Kupuna Life: Staying limber with yoga

Kupuna Life

A study showed 21 percent of yoga practitioners are 60 years or older. 

Benefits range from strengthening bones to improving balance and sharpening minds. 

KHON2’s Kathy Muneno found two veterans of Kupuna Life who had one thing in common. 

Every morning at 5 a.m., 93-year-old Pepper Hartness starts her day with an hour of yoga. 

The one-time yoga teacher, ski instructor, physical education teacher said that yoga relaxes her and keeps her flexible.

“Oh I’ve been doing it for over 40 years at least and I more or less developed my own routine, where I would work the yoga into what I wanted to do,” said Hartness. “This is relaxing before the next hard one.”

Then there’s 82-year-old Helen Nakano. 

She comes to Trilogy in Kaimuki almost every day and spends three times a week in a room that’s heated to about 100 degrees.

“I take bikram yoga, which is called hot yoga because they heat the room, and it’s for 90 minutes,” Nakano said. “It’s pretty intense and I’ve been doing it for 22 years.”

KHON2 asked Nakano how she breathes in the heat. 

“When you get too exhausted you lie down, then you get up again and I drink a liter of water,” she said.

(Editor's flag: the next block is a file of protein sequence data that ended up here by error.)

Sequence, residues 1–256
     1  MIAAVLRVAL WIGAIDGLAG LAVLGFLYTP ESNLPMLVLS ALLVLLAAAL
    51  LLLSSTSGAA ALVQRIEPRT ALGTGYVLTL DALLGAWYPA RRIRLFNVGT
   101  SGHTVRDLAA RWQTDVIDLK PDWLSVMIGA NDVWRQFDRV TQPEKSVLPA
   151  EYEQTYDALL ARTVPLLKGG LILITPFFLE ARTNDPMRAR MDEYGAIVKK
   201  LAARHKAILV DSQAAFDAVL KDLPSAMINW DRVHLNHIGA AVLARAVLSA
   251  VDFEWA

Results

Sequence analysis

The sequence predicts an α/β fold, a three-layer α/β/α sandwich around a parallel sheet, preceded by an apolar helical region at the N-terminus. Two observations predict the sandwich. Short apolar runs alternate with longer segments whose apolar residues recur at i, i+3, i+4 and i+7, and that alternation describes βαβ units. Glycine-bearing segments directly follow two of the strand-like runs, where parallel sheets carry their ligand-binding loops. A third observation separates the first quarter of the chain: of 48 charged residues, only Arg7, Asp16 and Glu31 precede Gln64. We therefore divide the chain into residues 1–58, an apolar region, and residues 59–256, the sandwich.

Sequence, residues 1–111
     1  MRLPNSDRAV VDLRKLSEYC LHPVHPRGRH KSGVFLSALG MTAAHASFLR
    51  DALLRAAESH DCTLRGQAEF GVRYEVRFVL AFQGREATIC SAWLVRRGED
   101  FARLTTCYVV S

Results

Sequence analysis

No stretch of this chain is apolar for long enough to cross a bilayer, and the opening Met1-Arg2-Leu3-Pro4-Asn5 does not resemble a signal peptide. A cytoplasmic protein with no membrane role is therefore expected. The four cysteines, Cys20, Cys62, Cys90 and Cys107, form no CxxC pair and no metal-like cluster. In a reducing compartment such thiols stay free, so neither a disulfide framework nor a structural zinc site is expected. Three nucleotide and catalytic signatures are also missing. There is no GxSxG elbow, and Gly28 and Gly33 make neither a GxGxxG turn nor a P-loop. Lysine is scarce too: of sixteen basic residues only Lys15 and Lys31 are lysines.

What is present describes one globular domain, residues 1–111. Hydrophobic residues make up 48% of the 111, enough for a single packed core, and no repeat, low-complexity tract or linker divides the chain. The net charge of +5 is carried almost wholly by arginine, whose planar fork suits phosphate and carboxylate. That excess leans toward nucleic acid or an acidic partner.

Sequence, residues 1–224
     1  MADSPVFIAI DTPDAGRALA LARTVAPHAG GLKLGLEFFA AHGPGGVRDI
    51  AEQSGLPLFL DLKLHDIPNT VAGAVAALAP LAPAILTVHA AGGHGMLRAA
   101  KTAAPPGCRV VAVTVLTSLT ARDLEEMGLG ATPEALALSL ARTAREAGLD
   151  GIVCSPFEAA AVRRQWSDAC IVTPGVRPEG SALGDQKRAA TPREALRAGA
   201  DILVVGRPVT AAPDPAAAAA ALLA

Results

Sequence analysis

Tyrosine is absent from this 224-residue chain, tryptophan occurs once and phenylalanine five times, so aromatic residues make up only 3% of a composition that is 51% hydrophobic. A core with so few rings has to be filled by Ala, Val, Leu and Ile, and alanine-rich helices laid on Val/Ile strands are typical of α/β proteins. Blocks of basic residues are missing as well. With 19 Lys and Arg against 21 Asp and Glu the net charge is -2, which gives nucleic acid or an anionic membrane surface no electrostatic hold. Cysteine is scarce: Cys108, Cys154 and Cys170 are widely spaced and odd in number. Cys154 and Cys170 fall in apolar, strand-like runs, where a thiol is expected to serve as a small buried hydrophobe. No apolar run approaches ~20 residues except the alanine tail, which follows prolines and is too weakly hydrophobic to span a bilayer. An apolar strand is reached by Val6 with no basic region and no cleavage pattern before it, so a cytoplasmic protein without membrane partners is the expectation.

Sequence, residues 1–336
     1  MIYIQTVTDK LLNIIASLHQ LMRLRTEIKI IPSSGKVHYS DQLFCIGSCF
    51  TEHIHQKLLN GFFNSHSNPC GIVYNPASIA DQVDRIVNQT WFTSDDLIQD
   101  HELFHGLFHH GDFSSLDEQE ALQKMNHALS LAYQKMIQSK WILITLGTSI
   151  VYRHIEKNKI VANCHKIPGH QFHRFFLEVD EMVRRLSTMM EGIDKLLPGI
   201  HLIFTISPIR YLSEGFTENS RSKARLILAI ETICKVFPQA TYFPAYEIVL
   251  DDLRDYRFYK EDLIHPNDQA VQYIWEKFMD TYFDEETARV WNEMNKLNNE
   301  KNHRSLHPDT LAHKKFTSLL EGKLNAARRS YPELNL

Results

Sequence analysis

Nakano’s yoga instructor is 72-year-old Barbara Gacki. She was a nurse for 36 years. 

“This is a different kind of heat—It’s deeper. It gets into the skin, into the circulation for the structure of the skin,” she said. 

Nakano explains that after 15 minutes, some people will roll up their mat and leave.

“They leave because they can’t stand it,” she said. “But those who persist, they definitely feel the benefits.”

Helen says it keeps her limber and that it gives her more stamina. 

“Your muscles relax, you really perspire. I mean you just drain out all the toxins and by the time you get out, you’re just wiped out. But the benefits you feel after are amazing, you feel refreshed. You feel like you can go for another 24 hours.”

“I like quality of life, if I can’t have quality of life, forget it,” said Hartness. 

After her morning routine, Hartness walks a mile then takes a myriad of exercise classes at 15 Craigside, goes through strength training, and even plays ping pong. 

“Never sit when you can stand,” Hartness advises. 

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